Stunning faces and bodies may crowd the world of glamour and fashion but our bet is on actor Nimrat Kaur as the face of the year. Steely and self-assured, attractive in an empowered way, the once upon a time magical cook and housewife in The Lunchbox, the 2013 film, is now the face of a new Titan ad underlining the single woman’s undeterred aura. Kaur, who also played Tasneem Qureshi, an ISI agent, in the fourth season of American TV series Homeland, illustrates how a woman who knows her mind frames glamour in a unique way.

Socking summer

For her Spring/Summer 2015 collection, called Good Luck Irani Café, designer Nida Mahmood has interpreted the Irani cafés of the 1940s and 1950s. A psychedelic, quirky line, it includes one of the most original summer accessories, called the Sock Shoes, with a kettle brooch on them. “We made proper shoes, then covered them with socks and then again gave them an extra sole,” says Mahmood, explaining that she wanted to design and imagine out of the box, as if for a Cinderella tea party with the Mad Hatter. The Sock Shoes followed that line of thought. Brilliant.

Author of the ‘sharara’ jumpsuit

Varun Bahl completes 10 years as a designer in 2015. Bahl has been working assiduously to separate the artistic and the commercial in his mind and his brand, learning how to keep them apart or bring them together when needed. His elegant silhouettes, dexterous use of lace, clever mix of vintage and contemporary, inclusion of black in bridal wear and fascinating use of apple and moss green, make him the couturier to watch out for this year. Creator of the Sari Trousers in 2014, Bahl wants us to stand by for the sharara jumpsuit that will walk the ramp as part of his next couture collection, to be shown in the latter half the year.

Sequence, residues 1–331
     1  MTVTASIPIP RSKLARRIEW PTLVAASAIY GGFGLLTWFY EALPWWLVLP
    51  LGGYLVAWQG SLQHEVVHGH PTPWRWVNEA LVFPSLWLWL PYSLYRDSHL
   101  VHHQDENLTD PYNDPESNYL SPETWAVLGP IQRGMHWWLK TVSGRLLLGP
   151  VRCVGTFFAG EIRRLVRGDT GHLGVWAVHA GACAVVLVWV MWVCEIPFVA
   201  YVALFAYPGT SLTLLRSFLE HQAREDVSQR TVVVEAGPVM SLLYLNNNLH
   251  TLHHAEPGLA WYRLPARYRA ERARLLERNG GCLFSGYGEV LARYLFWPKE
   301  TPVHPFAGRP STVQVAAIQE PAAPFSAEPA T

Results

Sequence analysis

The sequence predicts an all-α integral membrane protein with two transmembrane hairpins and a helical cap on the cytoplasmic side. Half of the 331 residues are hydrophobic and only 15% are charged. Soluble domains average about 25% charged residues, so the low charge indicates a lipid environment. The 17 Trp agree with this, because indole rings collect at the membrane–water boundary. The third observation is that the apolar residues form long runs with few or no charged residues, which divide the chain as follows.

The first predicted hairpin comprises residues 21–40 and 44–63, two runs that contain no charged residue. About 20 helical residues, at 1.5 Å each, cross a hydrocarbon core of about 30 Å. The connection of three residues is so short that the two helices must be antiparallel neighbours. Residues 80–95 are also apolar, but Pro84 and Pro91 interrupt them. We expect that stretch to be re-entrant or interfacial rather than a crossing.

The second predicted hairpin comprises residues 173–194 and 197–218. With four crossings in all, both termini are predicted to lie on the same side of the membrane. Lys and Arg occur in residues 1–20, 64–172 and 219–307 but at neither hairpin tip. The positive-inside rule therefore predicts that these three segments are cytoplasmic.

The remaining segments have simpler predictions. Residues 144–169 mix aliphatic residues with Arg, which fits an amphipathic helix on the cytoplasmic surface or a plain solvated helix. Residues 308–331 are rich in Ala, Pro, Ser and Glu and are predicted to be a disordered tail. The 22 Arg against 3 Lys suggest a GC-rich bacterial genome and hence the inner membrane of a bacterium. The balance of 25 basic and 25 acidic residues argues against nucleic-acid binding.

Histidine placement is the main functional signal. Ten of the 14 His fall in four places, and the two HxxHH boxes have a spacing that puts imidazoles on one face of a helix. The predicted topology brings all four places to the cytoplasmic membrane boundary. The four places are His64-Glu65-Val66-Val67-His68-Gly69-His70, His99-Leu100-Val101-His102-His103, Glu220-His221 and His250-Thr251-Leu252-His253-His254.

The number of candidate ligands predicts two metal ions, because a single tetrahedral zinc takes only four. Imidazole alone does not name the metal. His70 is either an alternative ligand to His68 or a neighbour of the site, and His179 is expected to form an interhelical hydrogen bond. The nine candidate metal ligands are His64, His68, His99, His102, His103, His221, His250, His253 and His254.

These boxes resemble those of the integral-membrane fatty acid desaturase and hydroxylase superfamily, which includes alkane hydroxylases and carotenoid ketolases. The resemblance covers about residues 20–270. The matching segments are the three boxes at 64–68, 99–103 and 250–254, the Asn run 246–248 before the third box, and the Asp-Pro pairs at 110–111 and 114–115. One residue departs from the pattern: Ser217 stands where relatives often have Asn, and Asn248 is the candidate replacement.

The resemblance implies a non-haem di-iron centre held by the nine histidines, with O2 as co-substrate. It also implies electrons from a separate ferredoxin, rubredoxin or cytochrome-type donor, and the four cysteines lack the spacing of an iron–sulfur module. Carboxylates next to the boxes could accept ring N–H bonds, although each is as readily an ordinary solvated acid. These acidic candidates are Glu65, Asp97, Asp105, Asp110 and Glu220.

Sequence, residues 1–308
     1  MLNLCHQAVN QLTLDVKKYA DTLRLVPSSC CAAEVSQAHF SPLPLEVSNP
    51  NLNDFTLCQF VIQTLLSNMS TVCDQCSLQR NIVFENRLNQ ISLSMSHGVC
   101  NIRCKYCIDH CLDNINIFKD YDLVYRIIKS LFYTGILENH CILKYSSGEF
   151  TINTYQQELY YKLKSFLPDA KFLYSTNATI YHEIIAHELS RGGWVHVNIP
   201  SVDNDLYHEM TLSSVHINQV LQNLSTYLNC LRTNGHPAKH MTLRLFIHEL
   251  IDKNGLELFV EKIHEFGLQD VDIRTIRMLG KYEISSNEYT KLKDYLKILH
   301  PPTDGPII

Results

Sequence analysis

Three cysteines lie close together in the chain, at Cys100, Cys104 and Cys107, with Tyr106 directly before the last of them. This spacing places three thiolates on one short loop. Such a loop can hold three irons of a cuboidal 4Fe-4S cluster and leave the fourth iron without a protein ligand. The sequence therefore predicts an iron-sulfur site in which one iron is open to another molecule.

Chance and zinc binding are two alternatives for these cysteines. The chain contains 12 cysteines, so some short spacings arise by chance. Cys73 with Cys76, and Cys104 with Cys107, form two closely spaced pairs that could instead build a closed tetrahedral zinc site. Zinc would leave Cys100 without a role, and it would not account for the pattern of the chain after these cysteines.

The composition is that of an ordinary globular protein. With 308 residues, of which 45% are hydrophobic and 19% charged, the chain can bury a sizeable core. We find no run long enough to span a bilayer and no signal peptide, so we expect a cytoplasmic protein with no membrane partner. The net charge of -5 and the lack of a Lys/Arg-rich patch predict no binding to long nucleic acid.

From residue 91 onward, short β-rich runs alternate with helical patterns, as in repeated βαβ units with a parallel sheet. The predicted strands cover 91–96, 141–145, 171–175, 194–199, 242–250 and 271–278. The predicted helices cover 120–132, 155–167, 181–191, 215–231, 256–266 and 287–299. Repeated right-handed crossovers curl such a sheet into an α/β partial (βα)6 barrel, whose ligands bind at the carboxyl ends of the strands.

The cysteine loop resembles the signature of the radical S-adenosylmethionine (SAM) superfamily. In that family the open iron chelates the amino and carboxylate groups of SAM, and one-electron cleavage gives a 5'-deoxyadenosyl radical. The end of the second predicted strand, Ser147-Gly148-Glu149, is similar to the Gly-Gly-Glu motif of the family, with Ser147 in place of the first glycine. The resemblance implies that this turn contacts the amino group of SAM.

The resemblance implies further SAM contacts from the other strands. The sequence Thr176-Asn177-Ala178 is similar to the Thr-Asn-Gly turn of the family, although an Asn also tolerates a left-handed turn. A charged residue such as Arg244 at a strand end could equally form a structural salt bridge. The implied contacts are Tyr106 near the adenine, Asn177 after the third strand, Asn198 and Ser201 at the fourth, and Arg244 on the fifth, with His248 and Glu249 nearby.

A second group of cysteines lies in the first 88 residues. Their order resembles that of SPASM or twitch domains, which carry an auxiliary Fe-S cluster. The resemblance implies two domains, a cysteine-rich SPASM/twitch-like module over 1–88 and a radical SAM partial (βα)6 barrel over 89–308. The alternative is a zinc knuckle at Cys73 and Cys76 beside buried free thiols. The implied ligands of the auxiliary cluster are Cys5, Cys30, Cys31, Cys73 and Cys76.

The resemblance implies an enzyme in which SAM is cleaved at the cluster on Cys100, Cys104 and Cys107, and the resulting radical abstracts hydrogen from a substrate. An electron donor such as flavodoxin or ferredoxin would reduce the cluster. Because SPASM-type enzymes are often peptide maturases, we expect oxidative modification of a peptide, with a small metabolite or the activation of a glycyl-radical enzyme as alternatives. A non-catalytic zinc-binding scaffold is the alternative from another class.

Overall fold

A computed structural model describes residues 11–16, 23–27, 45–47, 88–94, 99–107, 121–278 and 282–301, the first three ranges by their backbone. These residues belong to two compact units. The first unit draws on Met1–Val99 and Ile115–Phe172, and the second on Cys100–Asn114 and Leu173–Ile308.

Kerala tourism? No, thank you

Kochi-based designer Sreejith Jeevan, one of LFW’s most promising discoveries last year, has designed a collection from Kerala mundu fabric as part of his brand Rouka for “the artsy tourist”. It includes shirts, tops, lungis and tunics.

“Called Going Home, it is inspired by what Malayalis do when they come home to Kerala,” says Jeevan. Unlike the snake boats and Kathakali dances promoted by Kerala Tourism, Jeevan’s white cotton pieces with the “kara” border have black arty embroidery motifs, evoking a sense of Kerala without the clichés—village walks, the toddy tapper, street food, a Malayalam blockbuster. The collection will be retailed later this month at the Pepper House at Fort Kochi, now an art residency and one of the main venues of the ongoing Kochi Biennale.

The long legs

Calendars may have become discreet and digital, but calendar girls still grow the longest legs in the glamour business. What’s a new year without a bevy of beautiful models on glossy paper? Two cheers then for Aastha Pokharel, the winner of this year’s Kingfisher Supermodels 2, a reality TV show that airs on NDTV Good Times. And the third for Atul Kasbekar, the lensman with a glamorous eye and a long-time Kingfisher loyalist, for giving the Nepalese stunner a quiet simmer sans come-hither coquettishness.

For legs though, our vote goes to the Coorgi Dayana Erappa, one of the other four girls on the calendar

“It’s the best edition so far,” says Kasbekar, explaining why photography essentially feeds on location—he considers Cappadocia, Bokrum and Pamukkale in Turkey, for instance, as pristine ideals to offset skinny prettiness.